To Know Me Is To Know My Family: Work after the war (26)

As I wrote previously, my Mom was a city girl from California and my Dad was a farm boy. They came from two completely different life styles. When Mom went to live on the farm with my Dad, many of the things that she was use to wa not available on the farm, such as running water, indoor plumbing, neither a gas or electric stove just to name a few. Mom was a trooper though as she learned to adjust quickly. When they arrived in Olympia, Washington they came with three children in diapers and not much money.

Dad as I mentioned wanted to be a farmer, which had worked for his parents, but times were different after the war. Crops took time to grow. Dad wanted his main crop for the purpose of selling to be raspberries. He also had a small area of blackberries and Logan Berries. But these were all seasonal. Quite frankly, what was sold was not enough to carry them over for the whole year. So, because of this, my Dad, God bless him, took on several jobs over the few years we lived there. None of them were long term or steady until the last year or so of their time on the farm. One of the first places where Dad and Mom both worked was at the Olympia Cannery.

The Olympia Canning Company was established in the Port of Olympia around 1912 and took up an entire block between A and B Avenues. The company employed many girls and women, some as young as 11 or 12. The company was here until 1959. Although they had work year-round, most of their employees where hired for seasonal work. Usually during harvest time. The Olympia Canning Company was a multi-purpose operation, canning different items as seasons changed. In the summer months it processed fruits and vegetables, including string beans, apples, pears , strawberries, prunes, loganberries, squash, and even huckleberries. Some of the seasonal work was the (peeling pears by hand, operating apple peeling machine, etc.)  In winter production shifted to seafoods, mainly oysters and clams.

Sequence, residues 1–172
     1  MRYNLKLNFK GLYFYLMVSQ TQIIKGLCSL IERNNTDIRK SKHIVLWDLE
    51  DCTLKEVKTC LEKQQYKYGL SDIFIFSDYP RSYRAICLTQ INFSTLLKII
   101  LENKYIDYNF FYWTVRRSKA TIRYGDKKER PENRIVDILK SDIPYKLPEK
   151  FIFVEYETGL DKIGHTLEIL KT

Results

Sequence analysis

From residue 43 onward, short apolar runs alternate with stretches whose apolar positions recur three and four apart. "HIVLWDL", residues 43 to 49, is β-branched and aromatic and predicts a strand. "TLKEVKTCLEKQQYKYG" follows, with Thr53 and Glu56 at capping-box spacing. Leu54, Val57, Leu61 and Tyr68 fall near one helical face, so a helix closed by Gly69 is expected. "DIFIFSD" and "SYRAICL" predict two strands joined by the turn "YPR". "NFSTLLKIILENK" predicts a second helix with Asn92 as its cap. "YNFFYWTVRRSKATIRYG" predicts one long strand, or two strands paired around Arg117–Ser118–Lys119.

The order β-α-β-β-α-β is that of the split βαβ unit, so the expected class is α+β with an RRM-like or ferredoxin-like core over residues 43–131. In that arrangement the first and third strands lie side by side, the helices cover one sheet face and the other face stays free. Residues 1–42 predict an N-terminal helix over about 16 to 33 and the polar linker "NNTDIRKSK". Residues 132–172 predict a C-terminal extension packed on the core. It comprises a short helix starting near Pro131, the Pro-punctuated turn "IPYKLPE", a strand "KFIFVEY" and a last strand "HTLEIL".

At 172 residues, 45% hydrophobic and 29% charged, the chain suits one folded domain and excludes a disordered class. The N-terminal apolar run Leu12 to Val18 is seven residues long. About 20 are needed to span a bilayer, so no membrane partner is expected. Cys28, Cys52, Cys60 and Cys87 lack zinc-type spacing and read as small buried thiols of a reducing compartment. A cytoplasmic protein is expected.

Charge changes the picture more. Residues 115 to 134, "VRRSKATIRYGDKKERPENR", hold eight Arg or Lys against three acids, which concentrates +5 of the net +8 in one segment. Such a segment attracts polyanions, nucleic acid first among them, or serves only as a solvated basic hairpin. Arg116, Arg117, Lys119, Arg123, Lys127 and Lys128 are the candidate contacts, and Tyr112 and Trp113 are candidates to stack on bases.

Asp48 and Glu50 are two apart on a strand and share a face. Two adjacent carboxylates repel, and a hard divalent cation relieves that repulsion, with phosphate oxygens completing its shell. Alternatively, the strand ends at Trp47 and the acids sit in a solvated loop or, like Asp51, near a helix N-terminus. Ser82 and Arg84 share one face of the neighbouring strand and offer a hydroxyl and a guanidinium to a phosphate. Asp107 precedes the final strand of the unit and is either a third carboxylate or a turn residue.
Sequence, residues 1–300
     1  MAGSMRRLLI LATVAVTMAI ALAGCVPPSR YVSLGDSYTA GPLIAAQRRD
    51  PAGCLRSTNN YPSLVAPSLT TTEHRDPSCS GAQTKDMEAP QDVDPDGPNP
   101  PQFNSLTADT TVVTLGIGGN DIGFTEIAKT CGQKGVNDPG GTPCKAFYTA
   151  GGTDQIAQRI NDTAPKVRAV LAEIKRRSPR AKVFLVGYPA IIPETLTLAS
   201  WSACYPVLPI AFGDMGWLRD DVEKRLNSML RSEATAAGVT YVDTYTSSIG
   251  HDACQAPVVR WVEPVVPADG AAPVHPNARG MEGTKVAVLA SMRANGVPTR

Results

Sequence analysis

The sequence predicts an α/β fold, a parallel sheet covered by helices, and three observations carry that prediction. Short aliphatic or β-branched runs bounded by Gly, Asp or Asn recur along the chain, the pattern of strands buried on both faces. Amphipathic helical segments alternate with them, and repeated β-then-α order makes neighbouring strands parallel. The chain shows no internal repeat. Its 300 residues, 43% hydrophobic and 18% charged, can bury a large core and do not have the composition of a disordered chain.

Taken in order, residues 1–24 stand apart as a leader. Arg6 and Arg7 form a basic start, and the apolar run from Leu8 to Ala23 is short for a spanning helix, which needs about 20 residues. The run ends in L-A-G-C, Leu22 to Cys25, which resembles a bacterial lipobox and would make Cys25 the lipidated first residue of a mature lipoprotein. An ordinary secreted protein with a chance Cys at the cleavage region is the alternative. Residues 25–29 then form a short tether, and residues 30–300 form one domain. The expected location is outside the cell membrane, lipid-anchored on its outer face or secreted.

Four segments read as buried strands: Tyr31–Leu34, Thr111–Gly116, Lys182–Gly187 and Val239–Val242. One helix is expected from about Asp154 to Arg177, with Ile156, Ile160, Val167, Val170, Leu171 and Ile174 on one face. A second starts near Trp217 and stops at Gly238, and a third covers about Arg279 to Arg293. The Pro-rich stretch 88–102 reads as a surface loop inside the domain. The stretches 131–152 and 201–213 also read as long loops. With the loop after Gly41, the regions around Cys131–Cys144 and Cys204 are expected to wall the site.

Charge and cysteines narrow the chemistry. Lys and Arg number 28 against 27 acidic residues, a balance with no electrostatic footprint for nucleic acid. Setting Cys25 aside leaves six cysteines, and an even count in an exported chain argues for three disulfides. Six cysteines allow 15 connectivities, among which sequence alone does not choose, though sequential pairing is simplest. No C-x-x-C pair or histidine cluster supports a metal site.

Soon after its closing, the Seamart store opened in the aging building. One of the earliest mega-grocery stores, it evolved into a funky combination of cut-rate goods, amusement rides and arcade. The store was a favorite for youngsters and, later, Evergreen students looking for bargains, or just a way to get out from the rain (although some fell through the leaky roofs). Seamart and its successor Yardbirds store closed in the late 1980s. In 1999 a three-alarm fire destroyed the vacant building.

The minimal money that was made there helped the little family of 5 to fill in expenses that could not be covered by the crops and eggs that they sold by the road. Dad actually sold some of his crops to the Olympia Cannery as well. This provided food that they could grow or harvest on the farm. Because my siblings were so young, they grew out of their clothing fast, so it had to be replaced by larger sizes. Then there was seasonal weather and that required different types of clothes that they need. Even though times were had, my parents never complained and all of us never felt poor or under privileged. We were happy and the family was strong. We also were blessed to have extended family around all the time.  Life was good.

2 thoughts on “To Know Me Is To Know My Family: Work after the war (26)

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  1. Great Post!!!! Loved the pics. good job

    On Sat, Nov 14, 2020 at 8:33 PM Road That Led Me Here wrote:

    > Cindy Shelton posted: ” As I wrote previously, my Mom was a city girl from > California and my Dad was a farm boy. They came from two completely > different life styles. When Mom went to live on the farm with my Dad, many > of the things that she was use to wa not available on the fa” >

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